Our stop today in the pretty little port of Picton was the last we will see of South Island. This is the place where ferries transport folks from North Island to sample what we have enjoyed (and much more besides) over the past few days. Judging by the number of backpackers we saw carrying life on their shoulders, many were either starting or ending their adventures with a ferry ride. Of course this is Marlborough country – no, not the cigarettes, the wine – and it is possible that jobs in the vineyards also tempt the young, and the slightly less young.
However, for us, Picton had other temptations…good coffee and free WiFi! As we got off the shuttle bus which brought us from our ship and into the town, the area around the Information Centre was filled to capacity with young and old (mainly the latter) with laptops, tablets and phones, sometimes all three, looking for the fastest free Wi-fi signals. Just as you started to collect messages, down went the signal, so off we went in search of coffee. I have to say that Starbucks is not my favourite purveyor of coffee, but when you need Wi-fi AND coffee there is a huge regret that good old Picton must have said ‘no’ to the mighty dollars of Starbucks and McDonald’s. However, all was not lost and we got a free half hour online and some coffee in a local cafe whilst being entertained by the Winter Olympics on TV…wot?! We could also have had free Wi-fi with a hairdo up the road.
Anyway, this pretty little port invited us to stroll the shops (we did), walk the paths around the bay (Ann did) and appreciate again the genuine welcome we received. Who can blame these small towns for wanting to attract visitors, especially those who come on cruise ships in possession of money. Quite a few shops advertised their willingness to take US dollars, Australian dollars and even New Zealand dollars as an afterthought. No mention of Sterling I noticed!
Once again the views around the sheltered bay were stunning with mountains sweeping down to the blue waters. Spacious houses around the bay were being offered in the estate agents’ windows for somewhere in the region of NZ $600,000 (less than £400,000). Watching the children playing in the park with fountains and water games rather than simply swings and slides, reminded me what a great outdoor life they enjoy in this part of the world for a good part of the year. Bliss.
Ever onwards and tomorrow we will wake up in Wellington. For me, a return visit.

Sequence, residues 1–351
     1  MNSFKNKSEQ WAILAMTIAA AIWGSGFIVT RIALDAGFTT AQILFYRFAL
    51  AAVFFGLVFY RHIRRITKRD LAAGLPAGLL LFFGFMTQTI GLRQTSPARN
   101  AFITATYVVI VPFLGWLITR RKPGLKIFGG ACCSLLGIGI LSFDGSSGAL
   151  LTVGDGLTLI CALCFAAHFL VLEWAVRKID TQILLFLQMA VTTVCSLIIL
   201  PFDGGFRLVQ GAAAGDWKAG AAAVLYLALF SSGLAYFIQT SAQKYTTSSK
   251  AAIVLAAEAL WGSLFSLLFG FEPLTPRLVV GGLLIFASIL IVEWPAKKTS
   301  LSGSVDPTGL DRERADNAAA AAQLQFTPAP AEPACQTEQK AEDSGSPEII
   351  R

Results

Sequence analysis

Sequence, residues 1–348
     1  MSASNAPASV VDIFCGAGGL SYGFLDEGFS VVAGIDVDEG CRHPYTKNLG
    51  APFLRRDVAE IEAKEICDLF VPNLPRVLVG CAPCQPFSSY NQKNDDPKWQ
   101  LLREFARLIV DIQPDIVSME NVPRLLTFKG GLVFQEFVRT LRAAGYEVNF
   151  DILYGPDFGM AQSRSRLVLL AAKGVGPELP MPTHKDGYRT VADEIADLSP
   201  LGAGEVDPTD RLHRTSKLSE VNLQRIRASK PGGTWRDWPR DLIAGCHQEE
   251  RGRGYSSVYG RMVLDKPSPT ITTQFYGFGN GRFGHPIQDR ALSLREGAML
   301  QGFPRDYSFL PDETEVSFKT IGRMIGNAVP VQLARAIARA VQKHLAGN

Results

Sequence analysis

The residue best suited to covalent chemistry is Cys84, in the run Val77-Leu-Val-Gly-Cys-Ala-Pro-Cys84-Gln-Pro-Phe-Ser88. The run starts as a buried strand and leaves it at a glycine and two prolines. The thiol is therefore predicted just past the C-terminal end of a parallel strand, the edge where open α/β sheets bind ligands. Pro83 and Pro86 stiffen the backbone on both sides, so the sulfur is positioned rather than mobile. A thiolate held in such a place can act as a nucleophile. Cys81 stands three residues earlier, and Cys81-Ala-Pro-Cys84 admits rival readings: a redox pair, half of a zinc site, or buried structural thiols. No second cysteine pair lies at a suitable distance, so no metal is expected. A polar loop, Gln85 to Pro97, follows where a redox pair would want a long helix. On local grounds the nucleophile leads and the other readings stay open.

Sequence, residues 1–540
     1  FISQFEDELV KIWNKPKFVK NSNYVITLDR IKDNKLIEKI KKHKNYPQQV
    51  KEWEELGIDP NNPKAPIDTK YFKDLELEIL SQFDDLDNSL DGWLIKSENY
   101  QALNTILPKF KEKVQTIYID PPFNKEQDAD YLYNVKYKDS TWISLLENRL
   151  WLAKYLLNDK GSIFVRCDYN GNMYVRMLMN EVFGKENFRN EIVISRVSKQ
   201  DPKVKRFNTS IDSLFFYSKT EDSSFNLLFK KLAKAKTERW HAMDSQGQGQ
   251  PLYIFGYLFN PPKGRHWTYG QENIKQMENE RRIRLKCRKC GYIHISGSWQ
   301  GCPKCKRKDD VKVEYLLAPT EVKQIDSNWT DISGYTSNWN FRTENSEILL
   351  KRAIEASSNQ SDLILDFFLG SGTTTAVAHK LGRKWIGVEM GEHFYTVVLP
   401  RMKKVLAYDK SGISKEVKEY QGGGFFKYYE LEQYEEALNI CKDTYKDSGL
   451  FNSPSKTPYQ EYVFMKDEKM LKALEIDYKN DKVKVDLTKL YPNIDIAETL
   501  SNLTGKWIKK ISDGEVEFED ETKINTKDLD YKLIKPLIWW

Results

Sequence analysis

Carolyn’s Curios & Curiosities
‘Picton on Sea’, as a name, reminded me of Dads’ Army’s Warmington-on-Sea. And, as we began to meander round the small port, I saw this…
It interests me that we often have War Memorials but rarely Peace Memorials. Why?! However, this was both as, on the town side, I saw…
The tenders/lifeboats we use can carry about 150 people in the event of an emergency but ‘only’ 120 are taken on the tender function. Being one for spotting the unusual, Ann’s maiden name is the tender manufacturer!
Picton wasn’t the highlight of our tour and my insistence on eating New Zealand lamb in New Zealand at a local café was an error as my indigestion reminded me. Ah, well. Better food on board.
In the evening, in the absence of B.B. King’s being available, was an experienced and competent New York Jewish comedian – one or two clever anecdotes delivered in a dry manner. Tomorrow, a French flautist… perhaps.
And so to Picton, our last port of call on South Island and another very friendly welcome, this time accompanied by fresh flower buttonholes for everyone. The flowers might as easily have come from an English country garden.
Picton is an extremely busy ferry port which connects the two main islands of New Zealand, across the Cook Strait and where backpackers abound. There are numerous options for outdoor activities, wine tours and wildlife watching. Like most fellow Noordam travellers, we were more interested in Wi-fi spotting! The visitor information centre was awash with people on phones and iPads as well as those booking tours. Success in connecting to the internet was followed by coffee and a stroll through the centre of the small town.
After lunch, I set off on one of the recommended walks along the coast to Bob’s Bay. Thirty minutes of ‘upsie downside’ walking was rewarded with a pretty bay and beach. Bob was, perhaps, a local fisherman who found an excellent place to escape! Carolyn and Kath were, once again, very patient waiting for the slightly mad walking person!
South Island has provided many delights and the poster, seen as we boarded the shuttle bus back to Noordam, sums up how we have felt about this beautiful island.